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Try to add a getter for name property and annotation it with a @JsonValue annotation. public class Artist { private String name; ... @JsonValue public String getName() { return name; } } Here is the link to the Jackson Wiki page for reference.


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All the samples in the swagger-core project contain a sample filer and configuration how to enable CORS support. Basically, you'd create the following filter: public class ApiOriginFilter implements javax.servlet.Filter { @Override public void doFilter(ServletRequest request, ServletResponse response, FilterChain chain) throws IOException, ...


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You simply inject it with the @Context annotation, as a field or method parameter. @Path("resource") public class Resource { @Context UriInfo uriInfo; public Response doSomthing(@Context UriInfo uriInfo) { } } Other than your resource classes, it can also be injected into other providers, like ContainerRequestContext, ContextResolver, ...


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Use Entity.entity(inputStream, MediaType.YOUR_MEDIA_TYPE_TYPE) For the MediaType (and headers), I would inject @Context HttpHeaders into your resource class. It makes it easier to lookup specific headers. You could do Entity.entity(inputStream, httpHeaders.getMediaType()); You could also iterate through the headers, in building the request ...


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The docs are referring to the guice module for RestEasy - https://github.com/resteasy/Resteasy/blob/master/jaxrs/resteasy-guice/src/main/java/org/jboss/resteasy/plugins/guice/ext/JaxrsModule.java


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1/ for the question of the gateway taht will hide the database or index, I would rather use and endpoint that is configured with @Path({regex}) (instead of rebuilding a regexp analyser in your endpoint) . Use this regex directly in the @path, this is a good practice. Please take a look at another post that is close to this : @Path and regular expression ...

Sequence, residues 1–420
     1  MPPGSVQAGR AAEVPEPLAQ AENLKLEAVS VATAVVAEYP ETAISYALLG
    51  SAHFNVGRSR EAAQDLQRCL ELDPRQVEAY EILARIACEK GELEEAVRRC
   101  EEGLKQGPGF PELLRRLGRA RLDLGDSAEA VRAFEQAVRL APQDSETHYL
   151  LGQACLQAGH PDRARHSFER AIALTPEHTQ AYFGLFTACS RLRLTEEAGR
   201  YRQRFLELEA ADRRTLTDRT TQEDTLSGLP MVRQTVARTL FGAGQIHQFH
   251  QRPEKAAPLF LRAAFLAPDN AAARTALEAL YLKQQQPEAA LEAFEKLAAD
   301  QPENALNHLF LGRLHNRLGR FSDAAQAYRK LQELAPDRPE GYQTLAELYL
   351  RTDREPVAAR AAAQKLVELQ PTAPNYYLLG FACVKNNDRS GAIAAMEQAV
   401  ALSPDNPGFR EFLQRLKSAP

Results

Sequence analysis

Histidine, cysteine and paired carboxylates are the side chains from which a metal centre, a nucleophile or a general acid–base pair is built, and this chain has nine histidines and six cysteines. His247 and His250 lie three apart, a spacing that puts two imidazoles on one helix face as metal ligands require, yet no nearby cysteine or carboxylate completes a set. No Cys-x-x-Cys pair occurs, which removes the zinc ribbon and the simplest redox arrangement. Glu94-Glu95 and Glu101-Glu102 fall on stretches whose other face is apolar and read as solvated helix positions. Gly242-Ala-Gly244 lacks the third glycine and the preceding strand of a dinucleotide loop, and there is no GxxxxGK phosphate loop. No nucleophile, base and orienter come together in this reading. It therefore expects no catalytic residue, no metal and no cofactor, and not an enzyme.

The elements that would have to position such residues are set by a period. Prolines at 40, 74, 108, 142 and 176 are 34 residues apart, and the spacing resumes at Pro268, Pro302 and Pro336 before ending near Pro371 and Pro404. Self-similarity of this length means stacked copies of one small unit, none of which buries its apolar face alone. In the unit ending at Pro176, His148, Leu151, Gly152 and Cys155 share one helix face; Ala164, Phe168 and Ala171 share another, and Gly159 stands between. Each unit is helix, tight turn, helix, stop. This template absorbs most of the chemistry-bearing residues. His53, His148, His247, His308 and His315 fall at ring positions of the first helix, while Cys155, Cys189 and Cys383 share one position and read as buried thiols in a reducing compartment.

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Your AbstractBinders should be registered as an instance, not as a class. So make the change resourceConfig.register(new SamplePathBinder()); and it should work


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You can perform this logic in a ContainerRequestFilter. It pretty common to handle custom security features in here. Some things to consider The class should be annotated with @Priority(Priorities.AUTHENTICATION) so it is performed before other filters, if any. You should make use of the SecurityContext, inside the filter. What I do is implement a ...


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Annotations are not inherited. You must create a @PostConstruct annotated method for each sub-class. To assist/remind the developer, you could require a postConstruct() method and hope the developer annotates it appropriately as suggested by its name: public abstract class A { @PostConstruct // annotation here has no value except as a reminder ...


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The default behavior of forms for GET requests, is to put the key/values in the query string. If you look in the URL bar, you might see something like http://localhost:8080/app/form/addUser?name=something&age=100 As opposed to POST request, this oart name=something&age=100 will actually be in the body of the request, not in the URL. This is where ...


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This is specified in the JAX-RS spec 3.7.2 Request Matching [...] Resource class/object is found and all resource and sub resource methods are put into set M [...] Identify the method that will handle the request: a. Filter M by removing members that do not meet the following criteria:     [...] b. Sort M ...


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You must explicitly list all the MIME types a method @Produces: @Produces(value = {"application/vnd.test.books.v2+xml", "application/vnd.test.books.v3+xml", "application/vnd.test.books.v4+xml"})